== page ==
With so much music in your life. What are your happiest memories of playing. The best gig or best people… Tolpuddle main stage last week was one of my best ever gigs. Strummercamp and that night at the Water Rats with you lot, Anto Morra and Pogue Traders is up there as well. The rest is just a blur of fast living. 
Comrade4Right you have hinted at this every now and then on stage so lets get the full unabridged story out of you now. How did you manage to get Neck’s anti-racist single ‘Every Bodies Welcome To The Hooley’ into the national charts? Ha, that really was the wide boys revenge mate. I pulled in favours with every journo I know and got the band on BBC prime time TV and radio and we had people targeting the record shops that used to file returns for the official chart. It was some proper old spivery and I am rightly proud of it.
What’s the immediate future hold for Comrade X. Any gigs/ festivals we should be looking out for you at? What about recordings. Ain’t it time you got something down on disc… or vinyl’s coming back you know? I’ve got a mate up in Luton who has built an analogue studio and I’ll be doing some recording up there in the autumn – some great shows coming up very shortly with you lot and the Veg Bar, The Lagan at the Fighting Cocks and Undercover Festival. And I will be helping my old mate Noel Martin from Menace with his bands 40th anniversary bash at the 100 Club. I’m enjoying myself and you can tune in through the Comrade X Facebook page.
 

Thanks Comrade for taking the time to answer a few questions. It’s a privilege to include you as a member of the London Celtic Punks crew and work with you over the last few years, so here’s to many many more!
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You can catch Comrade X playing live at our next London Celtic Punks gig later this year on Saturday 3rd September on home territory in South London. He will be supporting Dundee based bagpipe punk band THE CUNDEEz on their London debut gig. All starts at 7-30pm sharp and costs just a fiver on the door. You can check out the Facebook event here to find out all the details of the venue and the other support bands or go to our What’s On- Upcoming Gigs & Events here.
Contact Comrade X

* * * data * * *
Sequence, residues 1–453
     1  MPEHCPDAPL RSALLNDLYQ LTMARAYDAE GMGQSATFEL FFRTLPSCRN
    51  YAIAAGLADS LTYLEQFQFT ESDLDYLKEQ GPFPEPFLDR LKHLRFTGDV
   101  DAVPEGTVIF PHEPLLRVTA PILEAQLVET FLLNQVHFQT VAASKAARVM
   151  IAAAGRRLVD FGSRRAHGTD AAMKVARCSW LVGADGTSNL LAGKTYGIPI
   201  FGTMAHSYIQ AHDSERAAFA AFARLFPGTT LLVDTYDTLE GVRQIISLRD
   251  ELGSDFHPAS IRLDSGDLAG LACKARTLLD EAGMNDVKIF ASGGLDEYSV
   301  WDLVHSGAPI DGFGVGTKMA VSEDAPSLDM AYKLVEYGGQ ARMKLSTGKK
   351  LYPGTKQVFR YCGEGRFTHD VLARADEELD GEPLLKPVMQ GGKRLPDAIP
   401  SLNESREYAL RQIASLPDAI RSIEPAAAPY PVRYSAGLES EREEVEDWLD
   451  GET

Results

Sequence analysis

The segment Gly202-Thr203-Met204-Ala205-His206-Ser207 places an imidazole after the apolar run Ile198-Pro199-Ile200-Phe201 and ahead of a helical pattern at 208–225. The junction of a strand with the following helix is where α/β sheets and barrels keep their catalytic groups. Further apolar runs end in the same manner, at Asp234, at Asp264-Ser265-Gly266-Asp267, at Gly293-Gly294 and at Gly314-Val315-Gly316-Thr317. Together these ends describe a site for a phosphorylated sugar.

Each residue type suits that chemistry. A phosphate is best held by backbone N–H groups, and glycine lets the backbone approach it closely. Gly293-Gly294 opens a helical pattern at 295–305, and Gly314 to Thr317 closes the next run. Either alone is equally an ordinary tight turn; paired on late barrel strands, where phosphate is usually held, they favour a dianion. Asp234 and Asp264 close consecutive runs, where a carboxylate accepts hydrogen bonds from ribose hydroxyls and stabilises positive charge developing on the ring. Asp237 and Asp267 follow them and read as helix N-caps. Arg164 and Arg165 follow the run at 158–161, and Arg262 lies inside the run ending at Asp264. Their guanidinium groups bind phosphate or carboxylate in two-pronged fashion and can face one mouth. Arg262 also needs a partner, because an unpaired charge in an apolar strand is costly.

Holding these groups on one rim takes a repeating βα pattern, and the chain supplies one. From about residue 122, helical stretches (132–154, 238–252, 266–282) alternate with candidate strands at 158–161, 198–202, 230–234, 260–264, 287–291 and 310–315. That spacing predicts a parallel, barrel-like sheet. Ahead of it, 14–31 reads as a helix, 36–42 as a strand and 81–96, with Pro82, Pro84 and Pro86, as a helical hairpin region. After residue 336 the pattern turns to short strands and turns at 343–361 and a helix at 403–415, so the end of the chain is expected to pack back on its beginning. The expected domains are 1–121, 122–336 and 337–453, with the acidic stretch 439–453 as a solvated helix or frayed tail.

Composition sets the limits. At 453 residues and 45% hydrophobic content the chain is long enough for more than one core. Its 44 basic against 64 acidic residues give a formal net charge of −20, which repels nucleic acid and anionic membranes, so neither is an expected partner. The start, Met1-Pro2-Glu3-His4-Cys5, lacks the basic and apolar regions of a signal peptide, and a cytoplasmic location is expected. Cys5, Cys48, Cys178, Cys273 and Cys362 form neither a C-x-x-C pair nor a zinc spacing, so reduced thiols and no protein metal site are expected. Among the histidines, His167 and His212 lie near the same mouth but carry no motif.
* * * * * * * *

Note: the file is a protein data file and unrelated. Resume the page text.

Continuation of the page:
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ALBUM REVIEW: DANNY DIATRIBE- ‘Elevation Illustrations’ (2016)

Elevation Illustrations is the second album release from Danny Diatribe aka Irish rapper Danny Lynch originally from Derry City but based in Manchester.

Danny Diatribe

Now first things first. What I know about hip-hop you could write on the back of a postage stamp to be honest but I do like music of the Irish diaspora and I do own the House Of Pain discography and that has made me the most qualified out of all the London Celtic Punks reviewers to take on the new Danny Diatribe album for you! Danny was born Danny Lynch in Derry city in the occupied north of Ireland but emigrated to Manchester as a young ‘un ten years back. Danny may not be the first celtic-rapper (see our article The Top Seven Celtic Hip-Hop Artists And Bands here) but he is one of only a small handful waving the tricolour in England!

Danny Diatribe 3

Elevation Illustrations is Danny’s follow up album to 2013’s Information Age and though musically a hundred miles away from what I usually listen to I found myself getting proper into it… so i did! With a whole host of guest artists appearing Elevation Illustrations is like a who’s-who of the Manchester rap scene but is most definitely Danny’s work. Kicking off with ‘Towards Balance’ which was released as a single from the album.

Followed by ‘Encounter Philosophical’ and another great video goes with the song this time filmed in Reykjavik, Iceland. In fact one of the things most impressive things about Danny Diatribe is the quality videos that accompany pretty much all of Danny’s songs. ‘Magum Opus’ features Conor McGregor giving out on what is the Irish way while ‘Roses’ features Wile Man. The nightmare of alcoholism is the feature of ‘Ten Green Bottles’
“Emerge from buried history, i never speak in novel tones,
Never do I grovel thrones, I hobble down the cobble stones,
Sunken in the drunkin groans, my thoughts are dim lit alleyways,
Drown my screaming ego, I escape from my reality.Fall into the gutter on theses doom stilts,
Calls for help turns into a spludder as the room tilts,
This is the life for me, cos there is no life for me,
I drown the fuckin sight i see”